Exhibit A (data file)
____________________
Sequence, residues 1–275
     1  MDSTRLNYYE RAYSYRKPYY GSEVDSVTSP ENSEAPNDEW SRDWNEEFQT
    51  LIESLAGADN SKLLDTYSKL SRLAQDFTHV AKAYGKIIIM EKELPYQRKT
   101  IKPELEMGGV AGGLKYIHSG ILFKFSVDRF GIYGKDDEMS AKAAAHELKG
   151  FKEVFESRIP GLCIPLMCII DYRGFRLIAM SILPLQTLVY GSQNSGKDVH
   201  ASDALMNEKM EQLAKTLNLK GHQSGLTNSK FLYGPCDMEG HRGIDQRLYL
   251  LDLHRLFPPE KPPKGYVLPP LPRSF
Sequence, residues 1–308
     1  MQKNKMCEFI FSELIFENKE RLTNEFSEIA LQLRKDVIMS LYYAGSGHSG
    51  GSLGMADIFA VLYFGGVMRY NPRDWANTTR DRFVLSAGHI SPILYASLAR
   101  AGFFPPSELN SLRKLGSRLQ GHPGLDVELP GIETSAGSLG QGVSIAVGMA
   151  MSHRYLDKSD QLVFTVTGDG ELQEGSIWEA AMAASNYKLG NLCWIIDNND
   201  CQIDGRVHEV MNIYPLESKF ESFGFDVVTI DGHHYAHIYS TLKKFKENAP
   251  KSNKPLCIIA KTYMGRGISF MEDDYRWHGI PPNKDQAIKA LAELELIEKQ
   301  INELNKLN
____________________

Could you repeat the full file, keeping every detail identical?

Sequence, residues 1–275
     1  MDSTRLNYYE RAYSYRKPYY GSEVDSVTSP ENSEAPNDEW SRDWNEEFQT
    51  LIESLAGADN SKLLDTYSKL SRLAQDFTHV AKAYGKIIIM EKELPYQRKT
   101  IKPELEMGGV AGGLKYIHSG ILFKFSVDRF GIYGKDDEMS AKAAAHELKG
   151  FKEVFESRIP GLCIPLMCII DYRGFRLIAM SILPLQTLVY GSQNSGKDVH
   201  ASDALMNEKM EQLAKTLNLK GHQSGLTNSK FLYGPCDMEG HRGIDQRLYL
   251  LDLHRLFPPE KPPKGYVLPP LPRSF
Sequence, residues 1–308
     1  MQKNKMCEFI FSELIFENKE RLTNEFSEIA LQLRKDVIMS LYYAGSGHSG
    51  GSLGMADIFA VLYFGGVMRY NPRDWANTTR DRFVLSAGHI SPILYASLAR
   101  AGFFPPSELN SLRKLGSRLQ GHPGLDVELP GIETSAGSLG QGVSIAVGMA
   151  MSHRYLDKSD QLVFTVTGDG ELQEGSIWEA AMAASNYKLG NLCWIIDNND
   201  CQIDGRVHEV MNIYPLESKF ESFGFDVVTI DGHHYAHIYS TLKKFKENAP
   251  KSNKPLCIIA KTYMGRGISF MEDDYRWHGI PPNKDQAIKA LAELELIEKQ
   301  INELNKLN